There is a promoter we work with regularly: Ollie Rosenblatt at Senbla. He’s young(-ish!) and dynamic, and open to new ideas but maintains an old-school approach with a diverse range of artists. He’s always easy to talk to and we always have a laugh while getting lots done.


Neil Murray & Maria Lundy

Neil Murray & Maria Lundy

Do you play a musical instrument?  If so, which one(s), and for how long have you played?

I used to play the piano from the age of 12. Then I took up drums about 14 years ago with my stepson, who has excelled and plays for Modestep! Now I play the sax for fun.


Do you have any superstitions?

Yes, I hate the idea of walking under a ladder—not easy to stay away from on stage when setting up.


What phrase do you over-use?

“…blah blah blah…”

I think fast and get bored saying it all out loud for other people! So a lot of my sentences end with these three little words.


Do you have a funny story related to your job, whether it be planning a tour, or on tour, or at a meet-and-greet with one of your artists?

Meet & greets are always a source of stories!

One of our artists had a very persistent fan whose attention eventually crossed the line when she pretended to be the artist’s wife! So we put together a “Wanted” poster in the office to keep an eye out for her at future events. This worked well for a while, but then she started using an alias, and turned up at a private event. Unfortunately for her, our security—the ever-vigilant Adam & Paddy—recognised her from the Wanted poster and found her crouching in the back of a car. Sadly for them, there was no reward.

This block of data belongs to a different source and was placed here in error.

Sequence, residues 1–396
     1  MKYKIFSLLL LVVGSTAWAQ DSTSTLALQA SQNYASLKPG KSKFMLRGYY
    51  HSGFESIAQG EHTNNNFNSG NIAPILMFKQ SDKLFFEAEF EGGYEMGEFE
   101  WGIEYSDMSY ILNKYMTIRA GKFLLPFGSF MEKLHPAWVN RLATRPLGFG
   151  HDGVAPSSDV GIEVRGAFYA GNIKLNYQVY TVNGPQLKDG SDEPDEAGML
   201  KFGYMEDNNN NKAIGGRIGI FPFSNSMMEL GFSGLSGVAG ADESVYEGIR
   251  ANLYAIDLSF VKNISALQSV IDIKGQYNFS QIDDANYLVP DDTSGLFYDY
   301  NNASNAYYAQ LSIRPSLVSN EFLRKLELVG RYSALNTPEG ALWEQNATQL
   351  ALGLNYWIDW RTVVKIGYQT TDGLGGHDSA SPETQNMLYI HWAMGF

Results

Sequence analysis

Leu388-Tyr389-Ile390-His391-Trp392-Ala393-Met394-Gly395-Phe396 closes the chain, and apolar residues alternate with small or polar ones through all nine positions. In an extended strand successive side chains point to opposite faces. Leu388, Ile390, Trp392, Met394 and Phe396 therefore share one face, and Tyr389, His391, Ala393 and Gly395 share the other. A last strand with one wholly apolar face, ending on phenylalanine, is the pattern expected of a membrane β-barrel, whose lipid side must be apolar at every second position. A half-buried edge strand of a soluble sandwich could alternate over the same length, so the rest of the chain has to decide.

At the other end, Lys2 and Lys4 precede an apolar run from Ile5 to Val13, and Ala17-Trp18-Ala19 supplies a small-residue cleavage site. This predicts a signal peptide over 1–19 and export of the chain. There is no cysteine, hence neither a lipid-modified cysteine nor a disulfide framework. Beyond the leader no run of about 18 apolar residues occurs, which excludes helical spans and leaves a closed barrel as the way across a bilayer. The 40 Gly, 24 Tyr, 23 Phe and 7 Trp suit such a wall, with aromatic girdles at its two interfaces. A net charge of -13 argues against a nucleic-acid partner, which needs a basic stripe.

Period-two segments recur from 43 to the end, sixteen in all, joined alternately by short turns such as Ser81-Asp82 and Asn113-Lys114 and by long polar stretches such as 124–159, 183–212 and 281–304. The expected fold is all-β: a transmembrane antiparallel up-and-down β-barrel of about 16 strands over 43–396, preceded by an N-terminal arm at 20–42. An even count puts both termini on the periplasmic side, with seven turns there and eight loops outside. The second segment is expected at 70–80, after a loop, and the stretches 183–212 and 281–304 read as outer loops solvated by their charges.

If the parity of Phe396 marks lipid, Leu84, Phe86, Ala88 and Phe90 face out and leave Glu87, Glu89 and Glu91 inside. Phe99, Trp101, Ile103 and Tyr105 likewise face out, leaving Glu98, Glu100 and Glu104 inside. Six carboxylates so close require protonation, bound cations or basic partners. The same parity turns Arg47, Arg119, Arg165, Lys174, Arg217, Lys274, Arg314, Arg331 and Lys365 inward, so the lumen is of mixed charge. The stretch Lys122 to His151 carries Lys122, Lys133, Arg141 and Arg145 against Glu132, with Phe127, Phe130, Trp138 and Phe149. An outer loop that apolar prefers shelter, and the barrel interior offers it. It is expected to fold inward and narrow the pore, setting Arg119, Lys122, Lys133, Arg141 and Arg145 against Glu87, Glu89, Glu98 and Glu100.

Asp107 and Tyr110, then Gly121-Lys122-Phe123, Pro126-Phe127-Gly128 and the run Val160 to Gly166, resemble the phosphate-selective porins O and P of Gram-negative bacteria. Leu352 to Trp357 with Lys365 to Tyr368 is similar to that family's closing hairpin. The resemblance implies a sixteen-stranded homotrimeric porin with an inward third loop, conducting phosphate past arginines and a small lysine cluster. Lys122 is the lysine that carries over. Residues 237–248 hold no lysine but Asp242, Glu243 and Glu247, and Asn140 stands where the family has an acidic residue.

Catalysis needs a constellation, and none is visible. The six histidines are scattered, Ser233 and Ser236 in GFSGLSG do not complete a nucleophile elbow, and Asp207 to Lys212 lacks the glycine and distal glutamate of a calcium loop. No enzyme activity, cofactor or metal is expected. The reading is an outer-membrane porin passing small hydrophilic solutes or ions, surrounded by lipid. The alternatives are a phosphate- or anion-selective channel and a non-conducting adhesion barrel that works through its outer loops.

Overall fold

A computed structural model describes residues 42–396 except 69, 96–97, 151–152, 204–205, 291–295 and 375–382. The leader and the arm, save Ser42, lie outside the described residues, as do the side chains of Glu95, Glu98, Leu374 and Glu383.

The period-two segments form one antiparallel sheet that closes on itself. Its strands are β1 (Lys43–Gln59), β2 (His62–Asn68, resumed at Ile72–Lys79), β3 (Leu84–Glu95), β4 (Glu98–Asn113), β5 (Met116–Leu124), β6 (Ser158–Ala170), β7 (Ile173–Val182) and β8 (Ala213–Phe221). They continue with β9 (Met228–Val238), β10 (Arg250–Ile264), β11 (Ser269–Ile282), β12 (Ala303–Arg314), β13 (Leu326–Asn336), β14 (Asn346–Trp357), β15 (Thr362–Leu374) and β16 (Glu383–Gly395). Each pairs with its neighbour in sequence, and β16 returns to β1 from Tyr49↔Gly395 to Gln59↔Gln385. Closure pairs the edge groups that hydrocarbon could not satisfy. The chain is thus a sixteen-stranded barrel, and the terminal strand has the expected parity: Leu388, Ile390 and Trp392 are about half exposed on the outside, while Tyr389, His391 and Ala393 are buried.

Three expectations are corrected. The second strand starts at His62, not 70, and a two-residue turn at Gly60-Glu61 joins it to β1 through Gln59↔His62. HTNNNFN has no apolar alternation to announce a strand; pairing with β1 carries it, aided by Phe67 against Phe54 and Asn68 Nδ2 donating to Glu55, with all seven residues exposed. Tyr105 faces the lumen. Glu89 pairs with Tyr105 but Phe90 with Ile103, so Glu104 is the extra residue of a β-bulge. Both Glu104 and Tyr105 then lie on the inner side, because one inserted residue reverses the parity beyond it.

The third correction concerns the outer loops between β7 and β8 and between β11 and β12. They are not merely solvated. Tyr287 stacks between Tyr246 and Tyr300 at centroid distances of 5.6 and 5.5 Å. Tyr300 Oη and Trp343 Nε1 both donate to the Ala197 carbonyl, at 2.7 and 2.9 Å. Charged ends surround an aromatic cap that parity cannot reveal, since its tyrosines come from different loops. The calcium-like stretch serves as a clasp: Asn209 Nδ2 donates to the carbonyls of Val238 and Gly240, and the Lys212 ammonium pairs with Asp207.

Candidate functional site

What is something about yourself that is essentially unknown and maybe even surprising?

My geography knowledge is worryingly sketchy considering how much work I do putting together tours. If it wasn’t for Google Maps and a very observant office assistant, there would be some very strange routes for my bands. But I’m getting there!


What advice would you give to an aspiring musician?

Continually work at every aspect of your craft and be true to your musical self; maintain your individuality with integrity.


What advice would you give to someone interested in getting into the business side of music?

Be aware of the increasingly prevalent legal side of EVERYTHING. But, above all else, work with artists you believe in, and always have their best interests at the centre of every negotiation.




Asia, Curved Air, Dave Kilminster, DBA, Doctor Hook, Eagles, ELP, Eric Clapton, Excalibur, Focus, Geoff Downes, Greg Lake, Ian Danter, Inglorious, John Wetton, Keith Emerson, Lucifer’s Friend, Martin Turner ex-Wishbone Ash, Modestep, Murray Hockridge, Nathan James, New Kid in Town, Ollie Rosenblatt, Paolo Coelho, Phenomena Project, QEDG Management, Richard Feynman, River of Tears, Russell Davies, Senbla, Sharing The Night Together, Snakecharmer, The Alchemist, The Kenneth Williams Diaries, The Meaning of It All, The Rivergods, This Oceanic Feeling, UK, Uriah Heep, YES